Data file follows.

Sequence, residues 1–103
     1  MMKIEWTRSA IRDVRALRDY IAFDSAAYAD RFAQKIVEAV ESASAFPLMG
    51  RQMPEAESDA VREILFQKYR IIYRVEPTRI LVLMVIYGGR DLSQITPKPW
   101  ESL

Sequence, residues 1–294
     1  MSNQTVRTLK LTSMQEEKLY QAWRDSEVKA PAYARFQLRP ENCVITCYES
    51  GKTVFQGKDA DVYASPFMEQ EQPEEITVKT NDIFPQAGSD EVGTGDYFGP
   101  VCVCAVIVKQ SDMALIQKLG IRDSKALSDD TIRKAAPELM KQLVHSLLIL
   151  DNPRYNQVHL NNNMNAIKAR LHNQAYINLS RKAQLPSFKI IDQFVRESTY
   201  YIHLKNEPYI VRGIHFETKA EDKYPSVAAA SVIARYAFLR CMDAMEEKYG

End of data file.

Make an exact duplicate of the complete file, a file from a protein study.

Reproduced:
Sequence, residues 1–103
     1  MMKIEWTRSA IRDVRALRDY IAFDSAAYAD RFAQKIVEAV ESASAFPLMG
    51  RQMPEAESDA VREILFQKYR IIYRVEPTRI LVLMVIYGGR DLSQITPKPW
   101  ESL

Sequence, residues 1–294
     1  MSNQTVRTLK LTSMQEEKLY QAWRDSEVKA PAYARFQLRP ENCVITCYES
    51  GKTVFQGKDA DVYASPFMEQ EQPEEITVKT NDIFPQAGSD EVGTGDYFGP
   101  VCVCAVIVKQ SDMALIQKLG IRDSKALSDD TIRKAAPELM KQLVHSLLIL
   151  DNPRYNQVHL NNNMNAIKAR LHNQAYINLS RKAQLPSFKI IDQFVRESTY
   201  YIHLKNEPYI VRGIHFETKA EDKYPSVAAA SVIARYAFLR CMDAMEEKYG